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46709 Posts in 5588 Topics by 13297 Members Latest Member: - Shane786 Most online today: 109 - most online ever: 429 (November 03, 2007, 04:35:43 AM)
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Author Topic: [IAWA] Maximum Prep?  (Read 1961 times)
Ry
Member

Posts: 216


« on: March 12, 2008, 06:26:14 PM »

"Let's say" "for the sake of argument" I'm "hypothetically" "thinking about" planning to run a really long IAWA game.  I'm deadset on making my own oracle for the whole thing, which is the same as making a custom setting.

I'd like to make a player's primer as well, something that says "here's what the setting is" including some jargon, a nice, fairly blank map and some pictures (here's what a wyvern looks like, here's how a troll behaves, here's the typical caste system of a city, here's a list of the three promises the gods made to mortals and have to keep). 

Besides scripting 'things that are going to happen' is there anything that I should absolutely avoid preparing?
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Ben Lehman
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Posts: 2183

Blissed


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« Reply #1 on: March 12, 2008, 06:37:28 PM »

... So can I be a hardliner?

Avoid preparing anything but a small number of topically focused oracles.

No pictures.
No guidelines.
Certainly no "players guide."

Trust the group of people that you're playing with or, if you can't, play with a group of people that you trust. It'd be best to let someone else be the GM for the first three chapters.

yrs--
--Ben
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Ry
Member

Posts: 216


« Reply #2 on: March 12, 2008, 06:46:14 PM »

You can be the hardliner, but I'd really like to do a game of IAWA in a particular setting, and help the players get into it.  I.E. if I did a game of IAWA using Planescape tropes I definitely would provide the players with a sheet with the planar cant on it.  They need to know what a yugoloth is, and if we want that style we need 'berk, cutter, pay the music, dark' and so on.
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Ry
Member

Posts: 216


« Reply #3 on: March 12, 2008, 06:48:44 PM »

Also, my gaming situation is very specific: With Play Now and the local scene, I have a massively volatile player base.  At the same time I want to have some kind of consistency for my own enjoyment.  It's not about trust so much as wanting to share this game with people and being realistic about who's showing up week to week.
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Alan
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Posts: 1012


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« Reply #4 on: March 12, 2008, 07:59:09 PM »

I'm working on a Conan oracle. I envision a package of a couple of things

1) a sketchy map, essentially with only coastlines and a fe cities or ruins marked on it, no labels.
2) the oracles, chosen from Howard's writing to define characters.
3) a list of ancient peoples -- from which players can name the peoples who inhabit the land.
4) lists of potential character names

I think well chosen oracles will define the kind of characters, beasts, and demons that appear in the world. The group would add to the map as chapters unfolded.

The one thing I think isn't covered by oracles is the Robert Howard feel of magic It's hard to qualify every mention of "wizard" or "sorcerer" with a description of how their magic works.. For this, I hope to lay out some basic guidelines. eg no flashy D&D magic, pulp hypnotism, poison, powders, necromancy, and the rare mind reading or clairvoyance.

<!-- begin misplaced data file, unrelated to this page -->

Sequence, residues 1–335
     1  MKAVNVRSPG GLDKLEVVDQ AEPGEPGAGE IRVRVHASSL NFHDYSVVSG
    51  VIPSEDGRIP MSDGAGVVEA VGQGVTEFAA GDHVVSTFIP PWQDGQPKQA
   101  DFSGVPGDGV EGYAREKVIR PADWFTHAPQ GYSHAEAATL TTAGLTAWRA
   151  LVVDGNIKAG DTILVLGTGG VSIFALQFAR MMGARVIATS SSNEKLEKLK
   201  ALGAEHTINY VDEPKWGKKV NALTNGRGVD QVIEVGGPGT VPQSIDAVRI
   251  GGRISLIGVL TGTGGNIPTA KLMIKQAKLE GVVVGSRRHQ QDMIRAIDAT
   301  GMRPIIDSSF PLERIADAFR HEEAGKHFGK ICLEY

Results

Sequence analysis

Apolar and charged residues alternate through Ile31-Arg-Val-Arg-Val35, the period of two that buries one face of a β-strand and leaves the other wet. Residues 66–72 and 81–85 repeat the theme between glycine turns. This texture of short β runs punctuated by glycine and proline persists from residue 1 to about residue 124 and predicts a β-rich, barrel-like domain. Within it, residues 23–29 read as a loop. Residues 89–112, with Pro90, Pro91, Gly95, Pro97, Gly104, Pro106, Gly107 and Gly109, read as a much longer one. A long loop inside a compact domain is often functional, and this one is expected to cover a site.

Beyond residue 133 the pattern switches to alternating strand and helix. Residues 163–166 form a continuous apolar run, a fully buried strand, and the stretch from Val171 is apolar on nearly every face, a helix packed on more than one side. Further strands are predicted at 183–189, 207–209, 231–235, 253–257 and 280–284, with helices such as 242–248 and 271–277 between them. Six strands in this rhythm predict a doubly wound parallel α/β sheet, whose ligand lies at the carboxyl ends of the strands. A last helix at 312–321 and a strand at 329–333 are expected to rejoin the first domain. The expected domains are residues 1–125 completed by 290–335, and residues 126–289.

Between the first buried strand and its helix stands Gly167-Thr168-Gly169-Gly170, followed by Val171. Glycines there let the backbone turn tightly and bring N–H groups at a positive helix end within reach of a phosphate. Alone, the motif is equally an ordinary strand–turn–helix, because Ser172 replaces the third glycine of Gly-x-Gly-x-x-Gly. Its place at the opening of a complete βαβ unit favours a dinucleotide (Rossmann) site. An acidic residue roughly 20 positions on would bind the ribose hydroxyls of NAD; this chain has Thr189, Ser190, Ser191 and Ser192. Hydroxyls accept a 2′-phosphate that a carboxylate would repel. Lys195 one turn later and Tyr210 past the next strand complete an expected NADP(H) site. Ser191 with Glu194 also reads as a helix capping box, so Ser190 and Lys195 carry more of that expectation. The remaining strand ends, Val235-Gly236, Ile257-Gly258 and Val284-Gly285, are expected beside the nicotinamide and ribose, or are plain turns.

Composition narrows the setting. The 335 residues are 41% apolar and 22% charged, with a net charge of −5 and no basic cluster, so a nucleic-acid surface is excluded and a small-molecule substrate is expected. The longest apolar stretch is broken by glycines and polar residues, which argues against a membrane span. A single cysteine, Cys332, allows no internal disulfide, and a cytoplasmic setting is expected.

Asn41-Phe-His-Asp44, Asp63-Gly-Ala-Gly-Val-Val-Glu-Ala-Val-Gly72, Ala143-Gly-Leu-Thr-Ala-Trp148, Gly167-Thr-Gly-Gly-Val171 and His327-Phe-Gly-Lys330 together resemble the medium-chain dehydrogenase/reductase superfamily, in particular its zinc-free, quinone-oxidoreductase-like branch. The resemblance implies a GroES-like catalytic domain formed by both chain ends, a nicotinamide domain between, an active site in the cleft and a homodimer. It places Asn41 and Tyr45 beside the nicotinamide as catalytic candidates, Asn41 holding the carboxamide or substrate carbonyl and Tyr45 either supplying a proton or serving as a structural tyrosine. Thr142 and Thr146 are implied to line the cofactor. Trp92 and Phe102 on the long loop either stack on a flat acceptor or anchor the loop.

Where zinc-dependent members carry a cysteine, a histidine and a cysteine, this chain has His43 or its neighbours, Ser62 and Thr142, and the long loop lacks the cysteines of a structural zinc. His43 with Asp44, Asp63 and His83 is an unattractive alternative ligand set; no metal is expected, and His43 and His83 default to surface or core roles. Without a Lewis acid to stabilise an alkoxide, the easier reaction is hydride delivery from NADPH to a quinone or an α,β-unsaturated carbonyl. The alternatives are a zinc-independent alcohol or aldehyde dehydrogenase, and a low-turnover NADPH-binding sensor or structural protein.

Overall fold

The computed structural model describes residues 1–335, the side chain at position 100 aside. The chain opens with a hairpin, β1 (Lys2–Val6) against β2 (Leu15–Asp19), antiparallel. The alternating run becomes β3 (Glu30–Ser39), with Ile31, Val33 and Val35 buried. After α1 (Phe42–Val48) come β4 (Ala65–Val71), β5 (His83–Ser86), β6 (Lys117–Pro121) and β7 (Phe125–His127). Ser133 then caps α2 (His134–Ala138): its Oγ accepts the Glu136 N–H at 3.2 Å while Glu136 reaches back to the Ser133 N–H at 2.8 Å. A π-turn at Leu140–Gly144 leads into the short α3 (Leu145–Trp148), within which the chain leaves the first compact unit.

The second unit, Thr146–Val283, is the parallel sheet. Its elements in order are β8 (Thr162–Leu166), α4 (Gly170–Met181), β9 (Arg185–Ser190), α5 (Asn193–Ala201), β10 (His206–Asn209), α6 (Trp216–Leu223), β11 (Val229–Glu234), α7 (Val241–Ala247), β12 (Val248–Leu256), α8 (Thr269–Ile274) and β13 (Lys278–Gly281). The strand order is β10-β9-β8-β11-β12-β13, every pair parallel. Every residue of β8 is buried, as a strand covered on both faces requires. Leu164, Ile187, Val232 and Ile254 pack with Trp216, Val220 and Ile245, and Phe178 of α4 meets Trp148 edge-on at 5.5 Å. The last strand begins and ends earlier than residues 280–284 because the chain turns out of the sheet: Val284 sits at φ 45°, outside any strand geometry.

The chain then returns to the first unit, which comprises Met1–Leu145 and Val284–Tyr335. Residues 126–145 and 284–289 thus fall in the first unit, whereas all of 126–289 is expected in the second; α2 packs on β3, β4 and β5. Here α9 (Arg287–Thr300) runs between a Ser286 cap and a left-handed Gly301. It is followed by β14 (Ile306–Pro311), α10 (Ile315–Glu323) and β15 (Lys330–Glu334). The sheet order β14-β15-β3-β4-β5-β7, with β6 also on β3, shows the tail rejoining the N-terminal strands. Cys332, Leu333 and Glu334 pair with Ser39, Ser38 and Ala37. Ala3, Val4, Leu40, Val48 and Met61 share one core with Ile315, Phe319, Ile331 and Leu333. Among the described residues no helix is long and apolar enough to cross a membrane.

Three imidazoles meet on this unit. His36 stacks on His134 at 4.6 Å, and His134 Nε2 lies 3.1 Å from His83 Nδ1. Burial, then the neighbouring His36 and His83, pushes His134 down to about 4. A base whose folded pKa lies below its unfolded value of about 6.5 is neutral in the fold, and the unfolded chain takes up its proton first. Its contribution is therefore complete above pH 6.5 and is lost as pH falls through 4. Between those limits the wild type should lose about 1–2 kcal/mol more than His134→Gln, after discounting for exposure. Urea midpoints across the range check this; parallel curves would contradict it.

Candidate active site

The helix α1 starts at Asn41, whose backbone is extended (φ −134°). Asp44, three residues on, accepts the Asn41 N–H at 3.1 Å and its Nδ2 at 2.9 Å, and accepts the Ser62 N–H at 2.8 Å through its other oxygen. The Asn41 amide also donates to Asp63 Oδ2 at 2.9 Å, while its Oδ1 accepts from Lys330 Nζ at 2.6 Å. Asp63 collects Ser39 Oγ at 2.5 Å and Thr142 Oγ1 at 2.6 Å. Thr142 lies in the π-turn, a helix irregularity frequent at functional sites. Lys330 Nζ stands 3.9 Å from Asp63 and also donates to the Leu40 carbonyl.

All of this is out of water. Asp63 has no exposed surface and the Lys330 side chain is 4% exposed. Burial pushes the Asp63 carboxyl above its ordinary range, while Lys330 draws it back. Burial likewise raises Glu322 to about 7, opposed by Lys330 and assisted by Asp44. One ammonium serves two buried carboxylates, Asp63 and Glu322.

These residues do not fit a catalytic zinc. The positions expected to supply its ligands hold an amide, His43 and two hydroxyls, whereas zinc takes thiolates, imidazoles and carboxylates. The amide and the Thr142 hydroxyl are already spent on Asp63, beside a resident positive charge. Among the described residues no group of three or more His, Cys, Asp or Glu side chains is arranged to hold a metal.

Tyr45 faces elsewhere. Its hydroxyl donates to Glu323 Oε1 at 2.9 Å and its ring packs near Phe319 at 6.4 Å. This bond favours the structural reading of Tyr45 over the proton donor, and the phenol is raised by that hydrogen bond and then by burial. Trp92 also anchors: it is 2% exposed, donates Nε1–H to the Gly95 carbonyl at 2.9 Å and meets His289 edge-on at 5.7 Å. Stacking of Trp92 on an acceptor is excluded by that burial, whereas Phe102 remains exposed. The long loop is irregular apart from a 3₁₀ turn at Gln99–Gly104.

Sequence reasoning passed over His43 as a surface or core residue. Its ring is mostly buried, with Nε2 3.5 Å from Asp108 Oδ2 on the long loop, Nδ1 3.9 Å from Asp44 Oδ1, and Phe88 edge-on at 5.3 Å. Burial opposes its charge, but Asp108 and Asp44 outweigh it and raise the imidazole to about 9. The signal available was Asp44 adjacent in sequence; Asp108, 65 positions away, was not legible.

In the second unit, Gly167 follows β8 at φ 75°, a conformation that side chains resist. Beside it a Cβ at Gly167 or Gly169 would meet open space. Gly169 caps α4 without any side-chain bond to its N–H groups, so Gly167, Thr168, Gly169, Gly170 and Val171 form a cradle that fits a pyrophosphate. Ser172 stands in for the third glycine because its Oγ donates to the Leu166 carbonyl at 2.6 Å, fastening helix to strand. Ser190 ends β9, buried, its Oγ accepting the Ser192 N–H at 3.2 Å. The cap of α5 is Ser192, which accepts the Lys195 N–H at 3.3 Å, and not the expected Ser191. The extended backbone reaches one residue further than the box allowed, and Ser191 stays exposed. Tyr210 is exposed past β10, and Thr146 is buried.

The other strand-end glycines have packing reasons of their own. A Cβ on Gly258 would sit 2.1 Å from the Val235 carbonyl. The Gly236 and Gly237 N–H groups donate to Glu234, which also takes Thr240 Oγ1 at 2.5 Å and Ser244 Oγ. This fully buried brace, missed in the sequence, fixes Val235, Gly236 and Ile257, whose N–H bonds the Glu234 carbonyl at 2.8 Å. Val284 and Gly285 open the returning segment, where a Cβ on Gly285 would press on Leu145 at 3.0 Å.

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- Alan

A Writer's Blog: http://www.alanbarclay.com
Troels
Member

Posts: 77


« Reply #5 on: March 13, 2008, 04:00:19 AM »

I and a IaWA-enthusiast friend of mine have had good, and separate, experiences with using IaWA in definite settings. However, in both cases it was settings that the players were already familiar. In my case, it was with new characters in a S&S setting that fit the existing oracles like a glove, in his case it was the grand action climax of a Nephilim game that he ran in IaWA. And I think, in IaWA, that it is really important that players don't feel constrained by the setting and feel that they have to ask "Can I do that?" or "Is there some place like that?" every other minute, because if they do, they get distracted from going for the throat, which is necessary for the full enjoyment of IaWA. Either, the players should be so familiar that they don't have to ask, or there simply shouldn't be enough setting to constrain them.

So I'll have to go with Ben on this one. Make up Planescape-y oracles if you will, but don't get hung up on what the setting is and isn't, beyond the most general and thematic.

Yours, Troels

PS Ryan, are you the guy with E6? If you are, thumbs up! Best drift ever.
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Ry
Member

Posts: 216


« Reply #6 on: March 13, 2008, 04:53:34 AM »

Yep, that's me, Troels!  Thanks for the nod.  I wish I wasn't sick to death of d20 because I'm pretty sure I could bust out a badass E6 campaign if I had the inclination. 

Points taken on all counts.  Ever see the Planescape Conspectus?  It was this 8 page poster map thing, one side had the Great Wheel and the other had a guide through sigil (fold out, fold out, fold out, it was sweet).  It didn't have a map, really, just a 'these kind of things are that direction' and 'watch out for Xes!' and 'Rule of Threes'  - that's the sort of thing I'm thinking about for this oracle. 

But it's not planescape, it would be my own tarot thing. 
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